(As an aside on the Apollo programme, I have often thought that Apollo 8, that flew at Christmas 1968, should be better known, as its astronauts - including Jim Lovell who later commanded the ill-fated Apollo 13 in 1970 - were the first humans to leave Earth’s gravitational field and actually travel to the moon's vicinity, and orbit it successfully).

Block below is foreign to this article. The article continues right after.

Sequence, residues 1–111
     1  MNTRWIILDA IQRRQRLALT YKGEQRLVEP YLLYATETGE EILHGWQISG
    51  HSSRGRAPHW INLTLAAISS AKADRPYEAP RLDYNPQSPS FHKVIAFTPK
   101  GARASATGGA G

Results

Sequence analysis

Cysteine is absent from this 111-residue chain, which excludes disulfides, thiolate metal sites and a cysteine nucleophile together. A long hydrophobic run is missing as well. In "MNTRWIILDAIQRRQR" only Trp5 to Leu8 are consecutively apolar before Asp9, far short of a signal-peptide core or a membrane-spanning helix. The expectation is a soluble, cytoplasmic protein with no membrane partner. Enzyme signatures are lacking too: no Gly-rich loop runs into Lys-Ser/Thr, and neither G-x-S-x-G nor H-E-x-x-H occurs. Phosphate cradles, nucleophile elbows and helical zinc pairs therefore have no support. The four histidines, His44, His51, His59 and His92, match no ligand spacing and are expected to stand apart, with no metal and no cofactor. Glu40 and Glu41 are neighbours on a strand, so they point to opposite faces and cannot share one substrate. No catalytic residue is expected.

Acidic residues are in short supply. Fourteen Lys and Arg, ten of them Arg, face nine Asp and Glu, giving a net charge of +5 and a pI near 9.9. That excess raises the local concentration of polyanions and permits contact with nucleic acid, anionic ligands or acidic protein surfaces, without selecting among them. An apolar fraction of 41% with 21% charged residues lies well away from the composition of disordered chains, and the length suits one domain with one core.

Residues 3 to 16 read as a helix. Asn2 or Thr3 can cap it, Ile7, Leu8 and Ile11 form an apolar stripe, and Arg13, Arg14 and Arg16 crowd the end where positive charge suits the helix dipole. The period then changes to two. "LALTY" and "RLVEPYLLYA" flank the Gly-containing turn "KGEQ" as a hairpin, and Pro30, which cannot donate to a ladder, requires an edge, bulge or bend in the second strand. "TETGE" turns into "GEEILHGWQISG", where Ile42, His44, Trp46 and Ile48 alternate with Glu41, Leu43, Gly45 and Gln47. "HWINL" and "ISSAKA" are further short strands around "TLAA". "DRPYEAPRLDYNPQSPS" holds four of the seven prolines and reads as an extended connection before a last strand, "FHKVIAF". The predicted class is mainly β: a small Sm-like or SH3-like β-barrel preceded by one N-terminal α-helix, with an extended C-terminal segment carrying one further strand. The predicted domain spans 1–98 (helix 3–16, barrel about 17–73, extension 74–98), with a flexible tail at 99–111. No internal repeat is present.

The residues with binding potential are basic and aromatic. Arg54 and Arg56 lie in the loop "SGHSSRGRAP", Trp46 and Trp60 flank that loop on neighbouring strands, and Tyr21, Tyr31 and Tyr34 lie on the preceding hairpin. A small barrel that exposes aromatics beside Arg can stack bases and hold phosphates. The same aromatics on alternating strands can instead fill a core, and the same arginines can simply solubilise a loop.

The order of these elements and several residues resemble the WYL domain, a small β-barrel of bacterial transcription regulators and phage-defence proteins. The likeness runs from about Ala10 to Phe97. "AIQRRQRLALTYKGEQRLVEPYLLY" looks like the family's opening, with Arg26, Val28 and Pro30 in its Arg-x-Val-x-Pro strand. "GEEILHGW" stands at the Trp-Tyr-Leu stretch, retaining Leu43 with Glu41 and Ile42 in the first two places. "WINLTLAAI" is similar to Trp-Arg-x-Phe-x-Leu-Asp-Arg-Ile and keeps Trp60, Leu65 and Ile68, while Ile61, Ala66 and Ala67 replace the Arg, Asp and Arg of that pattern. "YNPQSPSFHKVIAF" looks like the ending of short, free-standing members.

After the storming success of Apollo XI, the rest of Armstrong's life was, in a sense, perforce an anti-climax. After a brief period as a NASA administrator, he spent a decade in academia and was headhunted for the boards of many companies. He spread himself too thinly, and in the end this told on his marriage, he and his wife Janet splitting in 1990 after 34 years together. He kept up his support for the space programme, such as it was, and objected, albeit politely and in a restrained manner, to the Obama administration's regrettable decision to cancel NASA's plans to return men to the Moon by 2020. Astronauts, being resilient and in peak physical condition, tend to lead long lives and Armstrong was generally in fine condition until his death from complications after heart surgery in August 2012 (slightly mysteriously, after he had been expecting to make a full recovery). His place as a giant in the history of exploration and engineering is assured, and even those who know nothing about spaceflight would recognise his famous words as he stepped onto the Moon's surface. But he never considered himself an explorer: “What I attended to was the progressive development of flight machinery. My exploration came totally as a by-product of that. I flew to the Moon not so much to go there, but as part of developing the systems that would allow it to happen.” He did that, of course, but so much more. ( )